Cookies Policy

This site uses cookies. By continuing to browse the site you are agreeing to our use of cookies.

I accept this policy

Find out more here

Solid suspension in a countercurrent flow bed

No metrics data to plot.
The attempt to load metrics for this article has failed.
The attempt to plot a graph for these metrics has failed.
The full text of this article is not currently available.

Brill’s MyBook program is exclusively available on BrillOnline Books and Journals. Students and scholars affiliated with an institution that has purchased a Brill E-Book on the BrillOnline platform automatically have access to the MyBook option for the title(s) acquired by the Library. Brill MyBook is a print-on-demand paperback copy which is sold at a favorably uniform low price.

This Article is currently unavailable for purchase.
Add to Favorites
You must be logged in to use this functionality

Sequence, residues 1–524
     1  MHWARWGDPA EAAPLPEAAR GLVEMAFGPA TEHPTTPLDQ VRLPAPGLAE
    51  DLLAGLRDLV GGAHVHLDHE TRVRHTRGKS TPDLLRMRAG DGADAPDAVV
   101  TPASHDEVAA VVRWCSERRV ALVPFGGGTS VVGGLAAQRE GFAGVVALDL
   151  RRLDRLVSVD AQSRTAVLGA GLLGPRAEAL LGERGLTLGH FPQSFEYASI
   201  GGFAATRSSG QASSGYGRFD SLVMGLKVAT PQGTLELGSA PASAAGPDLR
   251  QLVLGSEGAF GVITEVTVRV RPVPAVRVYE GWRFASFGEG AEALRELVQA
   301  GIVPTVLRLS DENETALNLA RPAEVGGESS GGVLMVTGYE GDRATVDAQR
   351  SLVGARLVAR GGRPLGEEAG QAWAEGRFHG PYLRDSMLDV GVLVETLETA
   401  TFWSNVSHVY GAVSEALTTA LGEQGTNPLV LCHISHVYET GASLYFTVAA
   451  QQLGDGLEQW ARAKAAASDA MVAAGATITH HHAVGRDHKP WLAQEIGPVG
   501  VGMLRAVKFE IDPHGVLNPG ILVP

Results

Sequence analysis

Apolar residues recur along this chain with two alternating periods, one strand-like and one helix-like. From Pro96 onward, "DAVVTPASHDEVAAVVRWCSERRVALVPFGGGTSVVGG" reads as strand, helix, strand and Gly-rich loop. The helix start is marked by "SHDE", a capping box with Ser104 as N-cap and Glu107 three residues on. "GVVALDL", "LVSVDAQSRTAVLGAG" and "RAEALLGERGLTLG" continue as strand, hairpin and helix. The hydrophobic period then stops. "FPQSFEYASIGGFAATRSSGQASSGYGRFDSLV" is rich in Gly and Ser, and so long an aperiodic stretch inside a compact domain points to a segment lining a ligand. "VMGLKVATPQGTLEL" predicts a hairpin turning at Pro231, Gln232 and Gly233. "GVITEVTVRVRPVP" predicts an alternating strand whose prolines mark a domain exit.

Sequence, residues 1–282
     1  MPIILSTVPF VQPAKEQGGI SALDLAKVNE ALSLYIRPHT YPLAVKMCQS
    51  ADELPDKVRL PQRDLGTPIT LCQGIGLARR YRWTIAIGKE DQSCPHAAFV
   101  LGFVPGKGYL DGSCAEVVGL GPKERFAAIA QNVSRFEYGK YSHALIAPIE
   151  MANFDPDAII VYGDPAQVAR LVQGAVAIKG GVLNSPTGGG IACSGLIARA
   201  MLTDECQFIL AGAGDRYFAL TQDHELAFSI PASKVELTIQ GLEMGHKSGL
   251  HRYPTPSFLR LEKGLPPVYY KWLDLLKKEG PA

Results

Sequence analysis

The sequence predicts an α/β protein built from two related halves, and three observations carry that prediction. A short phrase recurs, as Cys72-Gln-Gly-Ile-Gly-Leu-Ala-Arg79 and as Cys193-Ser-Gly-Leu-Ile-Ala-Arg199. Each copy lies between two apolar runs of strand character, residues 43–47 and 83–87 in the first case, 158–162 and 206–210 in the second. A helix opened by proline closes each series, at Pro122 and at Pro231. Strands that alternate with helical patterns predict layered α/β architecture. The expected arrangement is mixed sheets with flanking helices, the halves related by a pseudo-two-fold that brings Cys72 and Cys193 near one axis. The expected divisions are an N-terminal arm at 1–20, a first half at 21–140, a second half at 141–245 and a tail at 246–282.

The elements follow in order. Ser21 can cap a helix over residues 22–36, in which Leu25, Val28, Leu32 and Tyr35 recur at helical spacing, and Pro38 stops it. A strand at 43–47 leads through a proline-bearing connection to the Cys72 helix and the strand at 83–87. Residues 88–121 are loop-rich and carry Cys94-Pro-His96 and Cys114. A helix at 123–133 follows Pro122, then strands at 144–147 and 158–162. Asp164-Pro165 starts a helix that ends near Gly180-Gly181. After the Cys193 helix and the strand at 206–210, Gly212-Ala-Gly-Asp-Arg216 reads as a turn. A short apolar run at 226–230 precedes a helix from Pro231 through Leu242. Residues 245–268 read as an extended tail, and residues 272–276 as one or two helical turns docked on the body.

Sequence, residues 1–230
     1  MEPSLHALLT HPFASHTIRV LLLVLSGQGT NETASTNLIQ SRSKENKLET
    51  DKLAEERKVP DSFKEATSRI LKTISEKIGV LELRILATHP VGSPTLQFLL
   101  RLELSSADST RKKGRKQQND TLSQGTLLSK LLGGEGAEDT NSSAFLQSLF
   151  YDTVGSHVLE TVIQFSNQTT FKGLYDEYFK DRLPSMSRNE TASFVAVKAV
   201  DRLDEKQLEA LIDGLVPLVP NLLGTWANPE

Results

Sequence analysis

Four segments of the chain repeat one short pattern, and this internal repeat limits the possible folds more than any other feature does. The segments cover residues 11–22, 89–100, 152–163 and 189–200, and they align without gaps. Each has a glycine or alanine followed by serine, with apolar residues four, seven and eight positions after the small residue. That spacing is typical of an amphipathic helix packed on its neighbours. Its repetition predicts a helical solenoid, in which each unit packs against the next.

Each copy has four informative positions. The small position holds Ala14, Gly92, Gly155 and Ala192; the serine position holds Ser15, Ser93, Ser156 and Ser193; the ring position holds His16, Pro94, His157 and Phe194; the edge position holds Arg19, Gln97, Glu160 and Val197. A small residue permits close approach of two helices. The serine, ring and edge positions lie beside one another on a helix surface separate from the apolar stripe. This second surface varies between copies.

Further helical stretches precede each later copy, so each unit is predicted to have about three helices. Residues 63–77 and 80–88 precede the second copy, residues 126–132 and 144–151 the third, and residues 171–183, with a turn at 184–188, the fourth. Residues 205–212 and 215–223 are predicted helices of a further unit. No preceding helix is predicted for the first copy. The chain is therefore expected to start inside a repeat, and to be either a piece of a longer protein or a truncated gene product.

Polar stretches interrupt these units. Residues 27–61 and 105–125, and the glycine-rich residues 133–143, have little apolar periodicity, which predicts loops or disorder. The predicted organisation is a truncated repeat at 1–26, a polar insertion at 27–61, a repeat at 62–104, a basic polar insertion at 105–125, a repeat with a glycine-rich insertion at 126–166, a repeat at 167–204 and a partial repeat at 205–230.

Cover image Placeholder

Gas and liquid velocities for particle suspension in a countercurrent flow bed, or countercurrent three-phase fluidized bed, were studied. In this system, solid particles are suspended in a continuous liquid phase by gas sparging, while the liquid is fed from the top countercurrent to the gas flow. The liquid level in the column is controlled by the use of a weir. By proper design of the gas distributor, the liquid can exit from the bottom of the column without entraining the particles. In this way, particles with low terminal velocity (i.e. fine or low-density particles) can be used in a continuous flow reactor system, which is batch-wise with respect to the solids, at high solids hold-up. Particle suspension was studied for both a low-density particle type and small-diameter particle type using air and water as the fluidizing media.

Affiliations: 1: Department of Chemical Engineering, The University of Tulsa, Tulsa, OK 74104, USA


Full text loading...


Data & Media loading...

Article metrics loading...



Can't access your account?
  • Key

  • Full access
  • Open Access
  • Partial/No accessInformation